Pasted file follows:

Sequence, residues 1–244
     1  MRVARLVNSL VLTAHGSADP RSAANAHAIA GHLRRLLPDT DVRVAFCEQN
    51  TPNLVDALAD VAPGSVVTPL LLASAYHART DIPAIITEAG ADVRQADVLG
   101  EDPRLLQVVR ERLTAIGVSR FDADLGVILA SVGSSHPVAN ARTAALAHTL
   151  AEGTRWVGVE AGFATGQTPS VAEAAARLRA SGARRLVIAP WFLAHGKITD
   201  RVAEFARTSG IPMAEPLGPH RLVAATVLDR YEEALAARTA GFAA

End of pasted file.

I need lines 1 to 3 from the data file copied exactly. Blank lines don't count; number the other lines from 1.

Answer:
Sequence, residues 1–244
     1  MRVARLVNSL VLTAHGSADP RSAANAHAIA GHLRRLLPDT DVRVAFCEQN
    51  TPNLVDALAD VAPGSVVTPL LLASAYHART DIPAIITEAG ADVRQADVLG